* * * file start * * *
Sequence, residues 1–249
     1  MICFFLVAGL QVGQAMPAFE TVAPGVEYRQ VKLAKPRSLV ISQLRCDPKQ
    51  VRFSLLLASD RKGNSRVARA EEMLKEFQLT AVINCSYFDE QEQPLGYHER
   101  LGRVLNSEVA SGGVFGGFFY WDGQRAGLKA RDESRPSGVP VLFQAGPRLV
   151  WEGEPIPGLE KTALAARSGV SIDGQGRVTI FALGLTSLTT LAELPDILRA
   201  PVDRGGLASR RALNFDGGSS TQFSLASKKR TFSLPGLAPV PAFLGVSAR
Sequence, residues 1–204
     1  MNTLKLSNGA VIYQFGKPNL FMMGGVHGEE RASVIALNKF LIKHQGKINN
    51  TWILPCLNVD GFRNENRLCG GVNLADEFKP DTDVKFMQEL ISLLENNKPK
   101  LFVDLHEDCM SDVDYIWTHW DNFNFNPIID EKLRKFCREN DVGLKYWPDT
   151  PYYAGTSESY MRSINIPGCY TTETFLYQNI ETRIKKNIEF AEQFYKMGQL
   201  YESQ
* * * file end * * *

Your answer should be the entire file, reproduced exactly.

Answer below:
Sequence, residues 1–249
     1  MICFFLVAGL QVGQAMPAFE TVAPGVEYRQ VKLAKPRSLV ISQLRCDPKQ
    51  VRFSLLLASD RKGNSRVARA EEMLKEFQLT AVINCSYFDE QEQPLGYHER
   101  LGRVLNSEVA SGGVFGGFFY WDGQRAGLKA RDESRPSGVP VLFQAGPRLV
   151  WEGEPIPGLE KTALAARSGV SIDGQGRVTI FALGLTSLTT LAELPDILRA
   201  PVDRGGLASR RALNFDGGSS TQFSLASKKR TFSLPGLAPV PAFLGVSAR
Sequence, residues 1–204
     1  MNTLKLSNGA VIYQFGKPNL FMMGGVHGEE RASVIALNKF LIKHQGKINN
    51  TWILPCLNVD GFRNENRLCG GVNLADEFKP DTDVKFMQEL ISLLENNKPK
   101  LFVDLHEDCM SDVDYIWTHW DNFNFNPIID EKLRKFCREN DVGLKYWPDT
   151  PYYAGTSESY MRSINIPGCY TTETFLYQNI ETRIKKNIEF AEQFYKMGQL
   201  YESQ